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0619 Notes on Marco Polo : vol.1
Notes on Marco Polo : vol.1 / Page 619 (Grayscale High Resolution Image)

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doi: 10.20676/00000246
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The important fact is that it was already known to the Arabs in the 9th cent. as being visible in the land of the Zängi. Later Arabic lore gives the same information. In Ya'qût's geographical dictionary, completed in 1224, there is a paragraph to the following effect (cf. DEVIC, Le pays des Zendjs, 21; STORBECK, in MSOS, XVII [1914], II, 111) : « [In the land of the Zinj, people] see in the sky something of the size of the moon, similar to an arch (taga) or to a small cloud, which neither disappears nor recedes. I asked many people about it, and all gave the same answer. The Zinj give it a name which I do not remember, and they do not know what it really is. » Of course, DEViC here suggests the same explanation that it was a Magellanic cloud which YULE thought of for Pietro d'Abano. It may be worth pointing out that Ya'giit's «arch» (which I prefer as an equivalent of toga to DEViC's «fenêtre ronde », or to STORBECK'S «Schieier »; the word is ambiguous) is in agreement with Polo's supposed drawing, especially when the latter is looked at vertically, as it is given in the ms., instead of being drawn horizontally as in Y, t, 120.

A manuscript note left by YULE and added in Y, t, 120, n. -j-, draws attention to the resemblance of the drawing in Pietro d'Abano's work with «cloud » designs in Oriental carpets, the « nebula » in heraldry, an undetermined Chinese term signifying « cloud », and a mysterious Persian term «silen-i-khitai ». I am not in a position to throw any light on these points. A friend suggested that the drawing may be meant for the « Caput draconis », the usual sign for which is SI. The similarity is certainly striking, but can hardly be more than a coincidence. The «star» meant by the Arab sources and by Polo is something real, whereas the «Caput draconis» is merely an astronomical point, the ascending node of the moon. The designation of the ascending and descending nodes of the moon as « head » and «tail» of the dragon is a very old notion, common to ancient Greek as well as Chinese astronomy and astrology. Although they have often been regarded as «planets» (the Râhu and Ketu of Indian lore), they were fictitious astral bodies, which nobody of course could pretend to have seen in the sky.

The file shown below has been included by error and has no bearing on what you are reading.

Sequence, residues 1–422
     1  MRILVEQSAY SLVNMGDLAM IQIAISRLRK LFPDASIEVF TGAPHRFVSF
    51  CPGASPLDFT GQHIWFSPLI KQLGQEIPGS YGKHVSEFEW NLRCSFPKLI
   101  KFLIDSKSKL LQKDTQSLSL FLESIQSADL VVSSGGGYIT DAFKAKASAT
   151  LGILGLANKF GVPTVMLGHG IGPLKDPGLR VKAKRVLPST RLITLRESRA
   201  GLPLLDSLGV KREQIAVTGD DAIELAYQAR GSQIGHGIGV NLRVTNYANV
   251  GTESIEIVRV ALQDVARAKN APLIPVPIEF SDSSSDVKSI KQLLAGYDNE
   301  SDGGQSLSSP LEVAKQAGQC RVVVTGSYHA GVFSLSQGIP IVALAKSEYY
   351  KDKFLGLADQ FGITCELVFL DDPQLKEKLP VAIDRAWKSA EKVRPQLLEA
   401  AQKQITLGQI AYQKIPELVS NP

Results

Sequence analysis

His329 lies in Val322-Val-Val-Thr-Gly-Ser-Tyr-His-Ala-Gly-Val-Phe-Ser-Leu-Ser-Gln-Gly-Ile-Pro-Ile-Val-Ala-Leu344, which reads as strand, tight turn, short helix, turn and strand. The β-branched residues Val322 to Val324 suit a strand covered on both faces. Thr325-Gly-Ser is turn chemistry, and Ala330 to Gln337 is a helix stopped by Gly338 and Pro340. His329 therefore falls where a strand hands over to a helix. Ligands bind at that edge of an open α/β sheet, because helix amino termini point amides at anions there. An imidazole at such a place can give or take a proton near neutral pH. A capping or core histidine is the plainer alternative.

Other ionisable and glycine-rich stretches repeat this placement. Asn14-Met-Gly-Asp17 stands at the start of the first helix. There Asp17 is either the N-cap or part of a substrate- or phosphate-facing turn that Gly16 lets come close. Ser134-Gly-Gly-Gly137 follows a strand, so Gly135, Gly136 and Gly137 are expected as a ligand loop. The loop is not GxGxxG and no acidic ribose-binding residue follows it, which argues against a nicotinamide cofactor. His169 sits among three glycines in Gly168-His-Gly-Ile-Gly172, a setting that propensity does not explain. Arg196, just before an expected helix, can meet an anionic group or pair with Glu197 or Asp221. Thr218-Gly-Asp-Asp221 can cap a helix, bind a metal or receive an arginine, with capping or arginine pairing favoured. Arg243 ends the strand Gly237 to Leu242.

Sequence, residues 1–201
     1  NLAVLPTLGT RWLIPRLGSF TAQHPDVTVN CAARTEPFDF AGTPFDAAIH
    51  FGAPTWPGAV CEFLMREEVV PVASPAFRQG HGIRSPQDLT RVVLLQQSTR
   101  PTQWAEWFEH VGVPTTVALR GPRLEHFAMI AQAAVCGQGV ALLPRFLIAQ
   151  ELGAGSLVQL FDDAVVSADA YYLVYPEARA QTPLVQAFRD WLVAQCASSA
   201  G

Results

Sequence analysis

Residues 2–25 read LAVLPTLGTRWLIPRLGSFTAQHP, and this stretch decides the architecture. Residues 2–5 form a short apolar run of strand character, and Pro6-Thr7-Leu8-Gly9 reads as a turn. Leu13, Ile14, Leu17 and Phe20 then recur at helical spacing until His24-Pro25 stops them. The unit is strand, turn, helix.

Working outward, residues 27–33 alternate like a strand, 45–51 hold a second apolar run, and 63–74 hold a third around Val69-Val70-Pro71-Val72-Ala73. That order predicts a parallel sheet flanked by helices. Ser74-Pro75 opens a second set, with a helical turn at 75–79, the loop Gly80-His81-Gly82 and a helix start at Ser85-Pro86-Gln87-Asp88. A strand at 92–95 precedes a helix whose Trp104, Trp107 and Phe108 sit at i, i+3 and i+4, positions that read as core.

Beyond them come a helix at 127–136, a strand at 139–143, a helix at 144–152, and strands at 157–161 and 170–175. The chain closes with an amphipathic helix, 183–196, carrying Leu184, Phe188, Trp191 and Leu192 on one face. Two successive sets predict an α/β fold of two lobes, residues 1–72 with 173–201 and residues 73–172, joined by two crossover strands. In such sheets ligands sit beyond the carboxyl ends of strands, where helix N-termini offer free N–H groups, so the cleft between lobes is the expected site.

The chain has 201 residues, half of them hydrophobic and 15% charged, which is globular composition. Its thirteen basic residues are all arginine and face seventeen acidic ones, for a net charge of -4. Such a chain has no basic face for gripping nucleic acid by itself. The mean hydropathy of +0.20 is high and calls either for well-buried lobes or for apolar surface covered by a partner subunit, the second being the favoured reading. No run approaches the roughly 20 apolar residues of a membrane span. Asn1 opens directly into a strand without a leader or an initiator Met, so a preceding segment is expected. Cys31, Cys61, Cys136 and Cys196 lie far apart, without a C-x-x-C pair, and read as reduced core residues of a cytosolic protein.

On the relative location of «Çanghibar» and «Mogedaxo n according to Polo, see «Mogedaxo D.


ardadam, zedandi (?) G ardanda TA', TA3 ardandam LT, P ardandan VA

arddandan F ardidan VB cardandan R chardadan V

çardandan Fr, t, L, Z iardandam FAt zardandan FA, FB

Polo's form strictly transcribes the Persian 3\.6.) Zar-dandin « Gold-teeth », of exactly the

same meaning as the corresponding Chinese name   Chin-ch'ih. The Catalan Map gives
« p. zardadain », = Provincia Zardadain (misread « Perzae-dadain » by BUCHON, Not. et Extr. XIV, ii, 142, and by CORDIER, L'Extrême-Orient dans l'Atlas Catalan, 16, 22; other misreadings in